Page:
Isaac Steinberg

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Isaac Steinberg
Исаак Штейнберг
Isaac Steinberg.jpg
People's Commissar for Justice of the RSFSR
In office
22 December 1917 – 18 March 1918
PremierVladimir Lenin
Preceded byPēteris Stučka
Succeeded byPēteris Stučka
Personal details
Born
Isaac Nachman Steinberg

13 July 1888
Daugavpils, Russian Empire
Died2 January 1957(1957-01-02) (aged 68)
New York City, United States
Political partySocialist Revolutionary Party, Left Socialist-Revolutionaries
OccupationLawyer

Isaac Nachman Steinberg (Russian: Исаак Нахман Штейнберг; 13 July 1888 – 2 January 1957) was a lawyer, Socialist Revolutionary, politician, a leader of the Jewish Territorialist movement and writer in Soviet Russia and in exile.

Biography[edit]

Early life and first exile[edit]

Steinberg was born in Dvinsk, Russian Empire (today Daugavpils, Latvia), into a family of Jewish merchants. He was raised in a traditional religious home. In 1906, Steinberg entered Moscow University, where he studied law.[1] He joined the Socialist Revolutionary Party (also known as SRs). He was arrested in 1908 and sent to Tobolsk province for 2 years. After exile he left for Germany and studied at the University of Heidelberg, graduating with a master's degree.[1]

Return to Russia, political career and second exile[edit]

In 1910, Steinberg returned to Russia and worked as a lawyer. During the First World War, he conducted anti-war and revolutionary work, was arrested in 1915 and exiled to the Ufa province. He continued his work as a lawyer in Ufa, where he led the Left Socialist Revolutionaries of the Ufa province. He was elected a delegate of the City Duma, was a member of the Executive Committee of the Ufa Council of Workers and Soldiers and the All-Russian Council of Peasant Deputies; participant in the All-Russian Democratic Conference; Member of the Provisional Council of the Russian Republic. Steinberg condemned the uprising in Petrograd, but became part of the Ufa Provincial Commissar of Agriculture nonetheless. He was elected to the Russian Constituent Assembly on the list of Socialist Revolutionaries from the Ufa province. He soon after became a member of the Left SR central committee.

From December 10, 1917 to March 1918, he was People's Commissar (Narkom) of Justice in Vladimir Lenin's government during the Bolsheviks' short-lived coalition with the left wing of the SRs. On December 18, 1917, some members of the Constituent Assembly by Dzerzhinsky, but Steinberg released them.[2] On December 19, 1917, he signed an “Instruction” to the Revolutionary Tribunal on the termination of systematic repressions against individuals, institutions and the press and sent a corresponding telegram to the Soviets at all levels. From December 1917 - January 1918, the Council of People's Commissars examined Steinberg’s claims against the Cheka several times. On December 31, 1917, the Sovnarkom, on his initiative, decided to delimit the functions of the Cheka under the Petrograd Soviet.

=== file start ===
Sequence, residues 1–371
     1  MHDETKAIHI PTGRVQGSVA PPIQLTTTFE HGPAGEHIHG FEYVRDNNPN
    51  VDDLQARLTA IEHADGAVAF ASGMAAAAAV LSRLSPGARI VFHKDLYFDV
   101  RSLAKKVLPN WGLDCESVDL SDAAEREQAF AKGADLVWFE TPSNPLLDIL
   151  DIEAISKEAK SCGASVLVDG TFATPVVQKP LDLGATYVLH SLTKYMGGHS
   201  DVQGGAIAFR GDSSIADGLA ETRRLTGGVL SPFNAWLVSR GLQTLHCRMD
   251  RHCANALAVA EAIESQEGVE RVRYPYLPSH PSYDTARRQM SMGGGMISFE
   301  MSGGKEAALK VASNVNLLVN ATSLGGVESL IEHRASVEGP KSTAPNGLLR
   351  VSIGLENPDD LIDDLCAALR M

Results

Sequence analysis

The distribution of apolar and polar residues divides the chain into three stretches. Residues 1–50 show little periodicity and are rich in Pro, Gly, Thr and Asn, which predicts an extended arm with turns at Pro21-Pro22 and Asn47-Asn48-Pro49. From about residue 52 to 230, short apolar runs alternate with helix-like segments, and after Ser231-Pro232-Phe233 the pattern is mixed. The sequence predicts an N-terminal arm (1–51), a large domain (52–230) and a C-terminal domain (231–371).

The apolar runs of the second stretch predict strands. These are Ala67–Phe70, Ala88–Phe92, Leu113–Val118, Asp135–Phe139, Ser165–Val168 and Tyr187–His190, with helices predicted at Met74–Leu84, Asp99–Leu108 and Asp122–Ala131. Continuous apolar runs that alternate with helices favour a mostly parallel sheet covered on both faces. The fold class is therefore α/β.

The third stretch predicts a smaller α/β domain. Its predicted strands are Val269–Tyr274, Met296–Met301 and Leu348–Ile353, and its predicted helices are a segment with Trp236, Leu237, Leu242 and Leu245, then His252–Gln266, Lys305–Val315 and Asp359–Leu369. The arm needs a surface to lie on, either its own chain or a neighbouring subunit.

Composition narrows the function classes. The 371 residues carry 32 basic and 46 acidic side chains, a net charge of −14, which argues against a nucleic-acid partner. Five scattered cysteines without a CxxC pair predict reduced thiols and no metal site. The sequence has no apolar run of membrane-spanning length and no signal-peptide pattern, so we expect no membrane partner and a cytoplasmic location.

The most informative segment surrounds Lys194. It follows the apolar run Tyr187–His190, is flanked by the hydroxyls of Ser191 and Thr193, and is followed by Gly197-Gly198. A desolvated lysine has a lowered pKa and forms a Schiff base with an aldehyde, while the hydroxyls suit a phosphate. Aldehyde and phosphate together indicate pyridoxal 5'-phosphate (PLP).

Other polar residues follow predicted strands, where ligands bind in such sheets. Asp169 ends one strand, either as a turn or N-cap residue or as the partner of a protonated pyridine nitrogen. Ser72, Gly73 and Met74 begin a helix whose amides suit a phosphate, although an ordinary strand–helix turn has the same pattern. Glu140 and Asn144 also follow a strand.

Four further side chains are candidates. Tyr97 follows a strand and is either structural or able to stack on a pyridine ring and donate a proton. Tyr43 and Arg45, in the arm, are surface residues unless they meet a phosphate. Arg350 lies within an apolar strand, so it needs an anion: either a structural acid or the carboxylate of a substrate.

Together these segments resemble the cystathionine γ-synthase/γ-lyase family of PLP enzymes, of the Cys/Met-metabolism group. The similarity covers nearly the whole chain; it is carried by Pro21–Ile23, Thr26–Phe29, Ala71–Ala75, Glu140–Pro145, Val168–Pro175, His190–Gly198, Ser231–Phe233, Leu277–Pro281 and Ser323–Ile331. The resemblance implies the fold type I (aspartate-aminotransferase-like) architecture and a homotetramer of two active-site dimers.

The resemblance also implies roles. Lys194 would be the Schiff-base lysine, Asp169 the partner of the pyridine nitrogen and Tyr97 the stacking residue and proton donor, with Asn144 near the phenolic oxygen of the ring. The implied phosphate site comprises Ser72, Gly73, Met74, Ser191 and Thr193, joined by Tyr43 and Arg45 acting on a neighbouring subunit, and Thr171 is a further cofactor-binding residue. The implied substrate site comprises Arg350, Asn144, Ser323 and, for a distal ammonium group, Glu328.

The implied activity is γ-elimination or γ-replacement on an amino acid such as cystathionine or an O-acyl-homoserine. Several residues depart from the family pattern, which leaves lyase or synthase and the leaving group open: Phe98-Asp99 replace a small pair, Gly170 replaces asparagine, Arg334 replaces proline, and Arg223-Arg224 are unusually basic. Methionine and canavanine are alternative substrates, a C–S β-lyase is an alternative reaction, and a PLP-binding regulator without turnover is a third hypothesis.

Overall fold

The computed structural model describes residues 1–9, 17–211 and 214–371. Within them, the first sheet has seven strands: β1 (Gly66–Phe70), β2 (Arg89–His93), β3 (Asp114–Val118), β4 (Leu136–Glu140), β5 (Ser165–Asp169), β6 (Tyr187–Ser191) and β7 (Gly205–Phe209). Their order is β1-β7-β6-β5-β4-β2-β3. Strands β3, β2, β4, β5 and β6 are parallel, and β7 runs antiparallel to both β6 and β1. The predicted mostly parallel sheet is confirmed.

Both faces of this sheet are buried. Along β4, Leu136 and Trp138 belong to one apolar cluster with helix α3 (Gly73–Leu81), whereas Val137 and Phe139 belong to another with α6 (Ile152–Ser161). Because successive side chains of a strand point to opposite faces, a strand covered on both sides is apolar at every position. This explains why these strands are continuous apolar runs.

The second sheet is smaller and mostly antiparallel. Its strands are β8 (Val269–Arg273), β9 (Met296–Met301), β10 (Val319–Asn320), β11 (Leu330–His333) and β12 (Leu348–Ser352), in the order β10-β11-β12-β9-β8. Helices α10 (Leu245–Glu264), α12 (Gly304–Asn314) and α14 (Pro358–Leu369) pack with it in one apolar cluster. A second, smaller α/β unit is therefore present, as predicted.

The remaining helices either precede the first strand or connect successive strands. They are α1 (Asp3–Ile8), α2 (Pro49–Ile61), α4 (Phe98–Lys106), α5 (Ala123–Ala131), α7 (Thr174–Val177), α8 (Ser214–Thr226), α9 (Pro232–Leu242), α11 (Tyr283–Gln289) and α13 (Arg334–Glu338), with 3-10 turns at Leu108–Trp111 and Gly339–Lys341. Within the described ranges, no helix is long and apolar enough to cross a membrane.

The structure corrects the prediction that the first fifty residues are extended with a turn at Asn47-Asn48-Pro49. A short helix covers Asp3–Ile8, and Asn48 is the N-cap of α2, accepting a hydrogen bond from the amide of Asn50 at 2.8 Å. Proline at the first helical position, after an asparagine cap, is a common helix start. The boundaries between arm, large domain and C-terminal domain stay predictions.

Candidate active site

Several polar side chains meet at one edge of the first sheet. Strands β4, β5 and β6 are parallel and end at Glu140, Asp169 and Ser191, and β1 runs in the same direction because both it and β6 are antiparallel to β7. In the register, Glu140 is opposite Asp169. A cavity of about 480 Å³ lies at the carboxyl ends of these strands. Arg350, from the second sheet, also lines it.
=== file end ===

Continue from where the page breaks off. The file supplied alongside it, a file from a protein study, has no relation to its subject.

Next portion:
After the scandal caused by the murder of Andrei Ivanovich Shingarev and Fyodor Kokoshkin on the night of January 6 - 7, 1918, the Council of People's Commissars, after hearing the report of Steinberg, instructed the NKJ to “as soon as possible verify the thoroughness of the detention of political prisoners ... all those who cannot be charged within 48 hours should be released”.[2]

According to the decision of the Soviet government, Steinberg determined the amounts that the prisoners in Kresty had to pay as a deposit before being released, as the prison doctor Ivan Manukhin testified:

“The Left SR was then the Commissioner of Justice I.Z. Steinberg. A soft, sympathetic person, he, as a representative of the new government, was bound by a decree of the Bolshevik majority and, according to this decree, demanded that every prisoner pay a certain amount for his bail. The amount of the contribution varied depending on the commissioner's idea of the degree of “bourgeois” that the person was. I had to bargain. Relatives of the next prisoner were usually in the waiting room and immediately paid the amount that they managed to bargain for. [...] Having received a document on release from Steinberg, I usually led the prisoner out of the Crosses myself. [...] and I told everyone the same thing: “Immediately leave Petrograd.” Of my patients at Kresty, one V. L. Burtsev flatly refused to leave my prison on bail. His courage of the old revolutionary, whom does not fear prison in the least, and his devotion to revolutionary activity, which he had devoted his whole life to, apparently shamed the new rulers, and I managed to get him released without bail”[3]

On January 11, at his suggestion, the Sovnarkom decided to investigate the activities of the People’s Commissariat, the Bolshevik Pyotr Krasikov was accused by Steinberg of illegal activities. During a meeting of the Council of People's Commissars in February, Lenin presented the draft of a decree, "The Socialist Fatherland in Danger!". In it, there was a clause calling for the execution "on the spot", meaning a loose category of criminals defined as "enemy agents, speculators, burglars, hooligans, counter-revolutionary agitators, [and] German agents". Steinberg expressed objection because a "cruel threat ... with far reaching terroristic potentialities." He stated "Lenin resented my opposition in the name of revolutionary justice. So I called out in exasperation, "Then why do we bother with a Commissariat for Justice? Let's call it frankly the 'Commissariat for Social Extermination' and be done with it!" Lenin's face suddenly brightened and he replied, "Well put ... that's exactly what it should be ... but we can't say that".[4]

On February 18, 1918, he released Vladimir Burtsev from prison. In March-April 1918, Steinberg confronted Felix Dzerzhinsky.

In the spring of 1918 he saved Prince George Lvov, who was about to be executed by the Ural Bolsheviks under Filipp Goloshchekin, with Steinberg ordering Lvov's release along with two other prisoners under a written undertaking not to leave Yekaterinburg.

On March 15, 1918, he resigned his post and left the SNK in protest against the Treaty of Brest-Litovsk, and on March 19, as part of the Southern delegation of the Left SR Central Committee, he went to Kursk to organize partisan detachments. From there he went to the south of the country, visited Kharkov, Rostov-on-Don, and took part in the All-Ukrainian Congress of Soviets in Yekaterinoslav. Steinberg was elected to the All-Ukrainian Central Committee of the Left Socialist-Revolutionaries. Together with Boris Kamkov and Vladimir Karelin, he became the organizer of the Main Military Headquarters of the Left SRs in Taganrog. In the spring of 1918, he actively participated in the Second Congress of the Left SRs. He delivered a speech approving the withdrawal of the Left Socialist-Revolutionaries from the SNK and warned of the danger of the Soviet bureaucracy.[5][6] He was arrested by the Cheka on February 10, 1919 and spent 4 and half months in custody.